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With the looming "religious freedom" legislation which could enshrine and protect a "right" to discriminate if the desire to do so is religiously motivated, the U.S. is, in my view, increasingly becoming a jurisdiction to which Canadian employers have to be careful about sending their employees.
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The failure to treat employment law and HR seriously is puzzling. Employees, after all, are many companies' biggest budget line item, their biggest potential liability and their biggest asset. So to entrust the proper and strategic legal management of them to the cheapest bidder -- to regard employment law as mere "commodity work" -- is foolhardy.
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The conversation on the gig economy is often directed towards talent recruiters, HR managers and team leads but for the freelance relationship to be successful, organizations need to cultivate a genuine project mindset across their teams.
Workers across the country should be returning to work well-rested and recharged. But the reality is many people pay a steep price for taking a break. Most workers today pay a hefty "time-off tax" in the form of extra work on either side of a vacation.
Although clearly a critical factor, pointing students in the right direction is only half the battle. The other half must be improving collaboration between government and industry to develop tangible solutions to strengthen the future workforce. As far as we're concerned, that time is now.
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As the sunny days of summer have faded and the reality of back-to-work season for many employees is settling in, here's a troubling stat from a recent poll: a whopping two thirds (65 per cent) of employed Canadians are mentally ready to leave their current employer. Two thirds!
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Ways to make a name for yourself at work. From the AOL Partner Studio
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What was once something to start thinking about is now impossible to ignore for companies looking to attract the country's top talent. Our new reality is that, in today's market, businesses need to recognize and adapt to the changing demands of workers if they want to get the staff they want and keep employees loyal and motivated.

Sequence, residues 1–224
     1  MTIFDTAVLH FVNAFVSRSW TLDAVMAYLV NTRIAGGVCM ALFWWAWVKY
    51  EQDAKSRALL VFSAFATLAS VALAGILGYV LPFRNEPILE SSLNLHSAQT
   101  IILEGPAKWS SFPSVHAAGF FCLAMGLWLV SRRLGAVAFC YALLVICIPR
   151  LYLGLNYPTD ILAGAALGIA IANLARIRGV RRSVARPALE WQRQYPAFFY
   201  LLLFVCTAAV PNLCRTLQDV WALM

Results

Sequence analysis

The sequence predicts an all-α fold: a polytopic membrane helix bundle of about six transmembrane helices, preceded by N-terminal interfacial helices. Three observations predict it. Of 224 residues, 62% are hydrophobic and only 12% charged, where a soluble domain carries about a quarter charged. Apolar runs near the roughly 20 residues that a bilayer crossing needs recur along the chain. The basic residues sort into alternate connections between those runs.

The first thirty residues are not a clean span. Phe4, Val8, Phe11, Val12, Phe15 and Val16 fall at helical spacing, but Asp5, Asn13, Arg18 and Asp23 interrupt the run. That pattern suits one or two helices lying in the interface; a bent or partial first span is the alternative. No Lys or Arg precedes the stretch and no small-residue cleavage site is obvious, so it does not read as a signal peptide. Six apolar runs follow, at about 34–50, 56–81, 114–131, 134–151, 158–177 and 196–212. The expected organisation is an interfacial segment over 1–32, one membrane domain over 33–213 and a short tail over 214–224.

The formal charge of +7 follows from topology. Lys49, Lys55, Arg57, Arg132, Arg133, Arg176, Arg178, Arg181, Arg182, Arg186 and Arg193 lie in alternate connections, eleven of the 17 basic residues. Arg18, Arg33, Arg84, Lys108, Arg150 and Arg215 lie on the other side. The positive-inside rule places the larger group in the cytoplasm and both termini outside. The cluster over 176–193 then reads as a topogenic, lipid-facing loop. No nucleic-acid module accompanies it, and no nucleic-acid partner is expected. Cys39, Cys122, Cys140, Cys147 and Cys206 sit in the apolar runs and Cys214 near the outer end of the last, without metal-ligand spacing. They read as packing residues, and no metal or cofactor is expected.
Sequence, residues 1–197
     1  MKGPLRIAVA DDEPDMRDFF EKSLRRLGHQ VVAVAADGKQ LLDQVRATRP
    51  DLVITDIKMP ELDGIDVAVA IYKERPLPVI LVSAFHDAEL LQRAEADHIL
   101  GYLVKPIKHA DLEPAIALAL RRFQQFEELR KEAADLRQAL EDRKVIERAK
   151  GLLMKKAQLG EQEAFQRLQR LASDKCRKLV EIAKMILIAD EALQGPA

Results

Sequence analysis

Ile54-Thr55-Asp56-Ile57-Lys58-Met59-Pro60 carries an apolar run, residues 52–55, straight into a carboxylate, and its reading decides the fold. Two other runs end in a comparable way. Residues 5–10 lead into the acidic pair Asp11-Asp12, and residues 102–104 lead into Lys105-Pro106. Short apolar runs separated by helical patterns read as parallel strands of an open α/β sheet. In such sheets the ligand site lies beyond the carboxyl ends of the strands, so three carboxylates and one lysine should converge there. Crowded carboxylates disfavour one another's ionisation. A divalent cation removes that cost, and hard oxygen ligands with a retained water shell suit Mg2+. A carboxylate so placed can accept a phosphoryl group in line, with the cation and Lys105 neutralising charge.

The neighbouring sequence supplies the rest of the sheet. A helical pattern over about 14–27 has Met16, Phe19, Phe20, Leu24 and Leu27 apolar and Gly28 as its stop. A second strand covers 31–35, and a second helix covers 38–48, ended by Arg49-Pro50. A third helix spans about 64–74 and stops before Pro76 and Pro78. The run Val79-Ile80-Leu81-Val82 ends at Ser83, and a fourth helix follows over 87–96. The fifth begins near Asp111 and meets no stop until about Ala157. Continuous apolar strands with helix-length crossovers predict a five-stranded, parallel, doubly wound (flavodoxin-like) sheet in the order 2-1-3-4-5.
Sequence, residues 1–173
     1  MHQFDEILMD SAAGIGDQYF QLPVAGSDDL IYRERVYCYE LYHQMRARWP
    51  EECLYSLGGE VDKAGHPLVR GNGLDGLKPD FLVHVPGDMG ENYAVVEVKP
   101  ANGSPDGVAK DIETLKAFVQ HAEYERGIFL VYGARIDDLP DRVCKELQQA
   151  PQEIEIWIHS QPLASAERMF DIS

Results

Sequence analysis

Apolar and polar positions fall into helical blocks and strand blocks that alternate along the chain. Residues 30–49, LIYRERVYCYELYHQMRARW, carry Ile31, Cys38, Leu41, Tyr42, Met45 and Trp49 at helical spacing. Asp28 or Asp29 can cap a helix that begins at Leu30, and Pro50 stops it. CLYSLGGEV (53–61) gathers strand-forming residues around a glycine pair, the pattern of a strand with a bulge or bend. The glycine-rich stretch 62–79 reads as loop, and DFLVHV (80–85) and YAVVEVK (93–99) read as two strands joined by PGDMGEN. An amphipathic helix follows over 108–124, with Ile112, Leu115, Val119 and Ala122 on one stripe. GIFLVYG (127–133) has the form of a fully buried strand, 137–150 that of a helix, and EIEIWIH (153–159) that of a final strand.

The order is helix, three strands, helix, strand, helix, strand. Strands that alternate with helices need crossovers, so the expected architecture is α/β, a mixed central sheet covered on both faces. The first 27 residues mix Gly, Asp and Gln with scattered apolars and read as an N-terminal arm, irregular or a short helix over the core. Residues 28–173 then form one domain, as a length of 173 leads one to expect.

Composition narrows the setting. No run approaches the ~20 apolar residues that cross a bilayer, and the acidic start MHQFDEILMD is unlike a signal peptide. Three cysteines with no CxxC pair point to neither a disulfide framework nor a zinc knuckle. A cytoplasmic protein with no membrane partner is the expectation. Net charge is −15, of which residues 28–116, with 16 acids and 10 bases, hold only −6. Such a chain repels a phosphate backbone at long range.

If you work for a company that has an HR department, please book an appointment to see them right now. Don't put it off. This is important!
Whether your company is startup size or an enterprise that has always done things one way and is resistant to change, there are some great benefits to adopting a startup mentality. Will you be bold enough to reap them?
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With the increasing interconnectedness in today's global economy, labor mobility is increasingly an available option. As such, today's businesses are increasingly realizing that to remain competitive, they need to re-develop HR practices from the traditional industrial practices to ones that align with the needs and wants of 21st-century knowledge workers.
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Of all the things the Internet has done for society, changing the image of the workplace is one of the most exciting. Canadian businesses are embracing the idea of remote (telecommuting or mobile) workers, due to increasing evidence of the many benefits of a flexible workforce.
Like most industries in today's business world, HR is seeing a significant impact from disruptive technology -- a term coined by Harvard Business School professor and author Clayton Christensen to describe any technology that changes or disrupts an existing technology or creates a whole new industry.
Randstad compiled and crunched data on nine of the hottest job sectors in Canada, surveying employers, candidates, and industry experts from coast-to-coast, and collecting feedback on what's driving job growth and talent across the country.